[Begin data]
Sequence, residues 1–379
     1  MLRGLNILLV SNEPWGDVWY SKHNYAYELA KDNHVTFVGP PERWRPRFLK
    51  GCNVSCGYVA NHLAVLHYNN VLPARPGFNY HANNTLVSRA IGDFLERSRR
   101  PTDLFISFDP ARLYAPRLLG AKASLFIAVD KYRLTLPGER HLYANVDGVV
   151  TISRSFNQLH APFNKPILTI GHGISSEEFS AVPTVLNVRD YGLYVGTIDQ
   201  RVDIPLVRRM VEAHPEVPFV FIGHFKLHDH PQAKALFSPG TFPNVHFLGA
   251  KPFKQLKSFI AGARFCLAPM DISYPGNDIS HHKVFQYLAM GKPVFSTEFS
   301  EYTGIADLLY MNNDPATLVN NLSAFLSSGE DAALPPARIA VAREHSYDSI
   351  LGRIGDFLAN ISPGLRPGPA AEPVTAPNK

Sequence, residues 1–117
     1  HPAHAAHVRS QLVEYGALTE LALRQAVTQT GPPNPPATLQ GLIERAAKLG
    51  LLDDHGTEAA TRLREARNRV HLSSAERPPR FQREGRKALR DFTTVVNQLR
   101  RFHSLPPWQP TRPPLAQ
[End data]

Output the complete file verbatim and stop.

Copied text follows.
Sequence, residues 1–379
     1  MLRGLNILLV SNEPWGDVWY SKHNYAYELA KDNHVTFVGP PERWRPRFLK
    51  GCNVSCGYVA NHLAVLHYNN VLPARPGFNY HANNTLVSRA IGDFLERSRR
   101  PTDLFISFDP ARLYAPRLLG AKASLFIAVD KYRLTLPGER HLYANVDGVV
   151  TISRSFNQLH APFNKPILTI GHGISSEEFS AVPTVLNVRD YGLYVGTIDQ
   201  RVDIPLVRRM VEAHPEVPFV FIGHFKLHDH PQAKALFSPG TFPNVHFLGA
   251  KPFKQLKSFI AGARFCLAPM DISYPGNDIS HHKVFQYLAM GKPVFSTEFS
   301  EYTGIADLLY MNNDPATLVN NLSAFLSSGE DAALPPARIA VAREHSYDSI
   351  LGRIGDFLAN ISPGLRPGPA AEPVTAPNK

Sequence, residues 1–117
     1  HPAHAAHVRS QLVEYGALTE LALRQAVTQT GPPNPPATLQ GLIERAAKLG
    51  LLDDHGTEAA TRLREARNRV HLSSAERPPR FQREGRKALR DFTTVVNQLR
   101  RFHSLPPWQP TRPPLAQ